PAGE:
Traditionally, “artificial organs” are devices that replace critical functions for patients whose organs cannot perform normally (though tissue-engineered organs are also referred to by this term, see below). Examples of traditional artificial organs include heart and lung machines, which maintain blood circulation and oxygenation during surgical procedures involving the heart. Another example is dialysis machines, or an artificial kidney, which filters a patient's blood when renal function is impaired. See also: Dialysis; Heart; Lung
Developing biomedical engineering applications
Biomedical engineering continues to generate new frontiers in healthcare. Some of the more active applications of these advancements in recent years include the following.
Genetic engineering seeks to make changes to an organism's genome in both permanent and transient ways. The goal of the changes may be to correct a disease-related inherited gene by adding, subtracting, or replacing a piece of the genome, or to make cells behave a certain way by controlling or supplementing the genes that are expressed. Many bioengineering tools for this purpose exist, such as the CRISPR/Cas9 system, and many more are under development to improve their safety and accuracy. The CRISPR/Cas9 system scans a cell's DNA using a guide RNA strand as a template to find a desired sequence, then the Cas9 enzyme cuts the DNA at the target site. New gene sequences can then be introduced at the cut site to create a permanent change to the cell's behavior. See also: CRISPR/Cas9 gene editing; DNA; Enzyme; Genetic engineering; RNA
Manufacturing techniques such as 3D printing are used to print biological and sometimes living material (3D bioprinting) in a highly controlled manner. This capability makes it possible to print an accurate rendering of a living organ, with appropriate organization and functional units. These capabilities, together with advances in the understanding of stem cells and how they can be programmed to turn into other tissue types, could eventually be used to replace a damaged organ, arm, or leg with a new, printed version created from the patient's own tissue. As noted earlier, these organs derived from tissue engineering are also often referred to as artificial organs. See also: 3D printing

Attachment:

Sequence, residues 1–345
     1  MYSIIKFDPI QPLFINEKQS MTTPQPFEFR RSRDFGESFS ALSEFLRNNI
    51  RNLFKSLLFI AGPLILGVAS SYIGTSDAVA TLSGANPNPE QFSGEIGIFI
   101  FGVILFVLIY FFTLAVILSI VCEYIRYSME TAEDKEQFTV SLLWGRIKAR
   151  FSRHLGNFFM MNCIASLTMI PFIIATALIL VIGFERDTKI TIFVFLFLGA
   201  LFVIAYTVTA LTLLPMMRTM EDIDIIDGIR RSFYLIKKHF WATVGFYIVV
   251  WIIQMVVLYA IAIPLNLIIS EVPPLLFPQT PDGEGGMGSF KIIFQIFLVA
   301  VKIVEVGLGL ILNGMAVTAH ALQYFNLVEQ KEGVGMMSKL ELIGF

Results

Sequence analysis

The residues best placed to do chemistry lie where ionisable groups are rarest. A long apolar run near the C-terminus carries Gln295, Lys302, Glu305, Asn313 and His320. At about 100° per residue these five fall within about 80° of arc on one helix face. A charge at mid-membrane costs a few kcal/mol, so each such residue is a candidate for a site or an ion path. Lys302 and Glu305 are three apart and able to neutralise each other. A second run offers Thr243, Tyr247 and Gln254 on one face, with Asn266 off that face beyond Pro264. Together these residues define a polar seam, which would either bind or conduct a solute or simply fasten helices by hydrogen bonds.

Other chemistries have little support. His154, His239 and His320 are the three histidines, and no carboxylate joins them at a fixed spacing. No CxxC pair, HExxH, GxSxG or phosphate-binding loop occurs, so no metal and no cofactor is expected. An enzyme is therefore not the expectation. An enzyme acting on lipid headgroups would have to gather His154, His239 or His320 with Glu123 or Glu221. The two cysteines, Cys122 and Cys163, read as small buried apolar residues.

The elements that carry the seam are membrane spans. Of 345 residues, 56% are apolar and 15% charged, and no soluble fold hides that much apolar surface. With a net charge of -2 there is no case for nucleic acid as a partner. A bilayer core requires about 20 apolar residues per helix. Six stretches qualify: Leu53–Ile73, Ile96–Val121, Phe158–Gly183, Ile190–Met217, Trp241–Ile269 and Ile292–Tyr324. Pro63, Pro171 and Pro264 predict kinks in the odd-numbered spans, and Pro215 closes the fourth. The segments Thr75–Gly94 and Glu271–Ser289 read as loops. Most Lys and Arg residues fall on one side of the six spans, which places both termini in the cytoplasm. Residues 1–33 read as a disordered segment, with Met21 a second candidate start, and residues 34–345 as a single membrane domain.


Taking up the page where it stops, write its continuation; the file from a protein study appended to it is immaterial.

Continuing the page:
The term lab-on-a-chip refers to creating human biomimetic systems in miniature. Combining microfabrication techniques with biomaterials and tissue engineering, a biological process can be organized to perform in isolation. For example, a small-scale model of the placental barrier can be used in experiments to learn how the Zika virus can pass from mother to fetus. The scaled-down version of a physiological system allows experiments to be done faster, with less material, or with more control. These tools can be used for diagnostic devices, flow modeling, drug screening, and disease modeling. See also: Zika virus disease
Head injury in contact sports
Dangerous head injuries, such as concussions, after forceful contact in sports including football remain an area of active research. Advanced tools for imaging, force measurements, and mechanical modeling enable the design of better protective wear and helmets. These improvements include new and stronger materials, improved shape, and built-in force sensors, which allow for monitoring of trauma exposure in real time. See also: Concussion; Sport-related concussion
The engineering of drug delivery systems is among the most important areas of biomedical engineering. Infusion systems, implants, microparticles, and nanomaterials are used to control drug distribution in the body and duration of action. Currently available delivery systems are used to treat cancer, diabetes, hypertension, and other diseases effectively and safely. See also: Diabetes; Drug delivery systems; Hypertension